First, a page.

Date of Completion
Autism, High School, Pivotal Response Treatment, Question-asking behavior, Sing case design
Joseph Madaus, Ph.D.
Brandi Simonsen, Ph.D.
Allison Lombardi, Ph.D.
Field of Study
Doctor of Philosophy
Autism Spectrum Disorder (ASD) is characterized by persistent deficits in social communication and social interaction. These challenges persist into adulthood, which can lead to poor outcomes in postsecondary education, employment, and independent living. Although social skills can be taught, the majority of evidence-based practices addressing social skills deficits have only been tested with young children with ASD. As such, there is an urgent need to test the use of evidence-based practices to teach social skills with older students with ASD. Pivotal Response Treatment (PRT) is an evidence-based practice that has been used to improve the social and communication skills of children with ASD. However, it has primarily been implemented with young children and in the clinical setting. This concurrent multiple baseline design study across dyads investigated the use of PRT in the secondary school setting with adolescents with ASD. Specifically, it examined the impact of PRT on one aspect of social interaction: question-asking. Education providers (n = 3) were trained to implement PRT with a secondary student with whom they already worked. Results of the study found no functional relation between education provider-implemented PRT and targeted question-asking behavior (i.e., questions beginning with who, what, or where) in secondary students with ASD. In part, this finding was attributed to lack of fidelity of implementation: only one of three education providers was able to achieve the criterion level for fidelity. Nonetheless, two of the students exhibited clear effects. Implications for practice and research, limitations, and directions for future research are discussed.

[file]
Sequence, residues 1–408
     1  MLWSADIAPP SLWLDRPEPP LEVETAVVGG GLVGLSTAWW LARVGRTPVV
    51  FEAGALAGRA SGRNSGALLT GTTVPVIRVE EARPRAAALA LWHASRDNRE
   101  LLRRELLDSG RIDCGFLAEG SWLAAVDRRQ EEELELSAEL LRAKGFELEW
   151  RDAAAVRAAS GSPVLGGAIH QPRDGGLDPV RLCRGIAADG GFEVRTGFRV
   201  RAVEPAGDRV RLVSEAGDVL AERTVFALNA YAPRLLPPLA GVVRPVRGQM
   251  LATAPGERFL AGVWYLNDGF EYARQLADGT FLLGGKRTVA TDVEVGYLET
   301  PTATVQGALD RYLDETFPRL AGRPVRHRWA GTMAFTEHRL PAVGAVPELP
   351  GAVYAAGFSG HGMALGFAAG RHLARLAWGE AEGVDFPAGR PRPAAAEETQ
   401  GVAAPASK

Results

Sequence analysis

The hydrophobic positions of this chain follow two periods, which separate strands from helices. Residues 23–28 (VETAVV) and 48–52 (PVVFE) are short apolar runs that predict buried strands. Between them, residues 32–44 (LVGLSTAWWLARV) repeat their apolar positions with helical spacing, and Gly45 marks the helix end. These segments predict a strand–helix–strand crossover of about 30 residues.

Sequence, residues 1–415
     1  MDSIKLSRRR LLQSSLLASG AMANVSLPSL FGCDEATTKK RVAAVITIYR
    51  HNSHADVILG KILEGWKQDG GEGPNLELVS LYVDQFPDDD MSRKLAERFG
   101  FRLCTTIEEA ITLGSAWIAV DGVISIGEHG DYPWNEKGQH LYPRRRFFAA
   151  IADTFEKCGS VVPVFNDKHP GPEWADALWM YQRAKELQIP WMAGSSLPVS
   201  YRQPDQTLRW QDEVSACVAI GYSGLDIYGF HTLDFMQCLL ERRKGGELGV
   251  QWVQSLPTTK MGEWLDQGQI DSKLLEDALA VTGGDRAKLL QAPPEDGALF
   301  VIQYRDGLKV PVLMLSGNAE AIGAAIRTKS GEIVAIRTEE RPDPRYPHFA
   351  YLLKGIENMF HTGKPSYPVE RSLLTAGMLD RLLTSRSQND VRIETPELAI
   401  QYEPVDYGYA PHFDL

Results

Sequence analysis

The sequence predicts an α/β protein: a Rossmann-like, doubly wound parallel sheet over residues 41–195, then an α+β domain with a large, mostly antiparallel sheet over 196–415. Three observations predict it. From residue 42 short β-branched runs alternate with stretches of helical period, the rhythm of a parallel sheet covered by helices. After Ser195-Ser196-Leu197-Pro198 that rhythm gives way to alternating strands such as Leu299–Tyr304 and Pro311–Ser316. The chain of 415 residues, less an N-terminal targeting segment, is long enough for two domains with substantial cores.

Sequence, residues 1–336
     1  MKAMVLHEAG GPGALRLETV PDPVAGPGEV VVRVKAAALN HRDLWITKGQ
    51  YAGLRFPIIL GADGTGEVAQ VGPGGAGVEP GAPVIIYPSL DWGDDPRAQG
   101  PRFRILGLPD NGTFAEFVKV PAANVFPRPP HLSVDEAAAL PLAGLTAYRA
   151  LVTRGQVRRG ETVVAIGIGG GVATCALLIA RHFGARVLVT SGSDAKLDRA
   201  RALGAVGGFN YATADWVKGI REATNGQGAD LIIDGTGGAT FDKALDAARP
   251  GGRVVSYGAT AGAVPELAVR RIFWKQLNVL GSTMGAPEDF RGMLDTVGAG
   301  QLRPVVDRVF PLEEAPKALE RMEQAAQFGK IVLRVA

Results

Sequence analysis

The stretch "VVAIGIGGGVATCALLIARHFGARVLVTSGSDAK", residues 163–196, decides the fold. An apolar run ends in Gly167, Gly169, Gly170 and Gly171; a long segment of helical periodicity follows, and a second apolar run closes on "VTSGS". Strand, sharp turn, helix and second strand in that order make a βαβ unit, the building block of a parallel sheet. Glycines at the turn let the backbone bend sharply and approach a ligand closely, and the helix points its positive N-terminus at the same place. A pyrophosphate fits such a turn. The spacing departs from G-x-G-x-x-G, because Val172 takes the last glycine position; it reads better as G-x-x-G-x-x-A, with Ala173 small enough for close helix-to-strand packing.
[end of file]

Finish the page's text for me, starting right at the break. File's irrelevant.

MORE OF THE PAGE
Kowitt, Jennifer, "Implementing Pivotal Response Treatment to Teach Question-Asking to High School Students with Autism Spectrum Disorder: A Pilot Study" (2018). Doctoral Dissertations. 1911.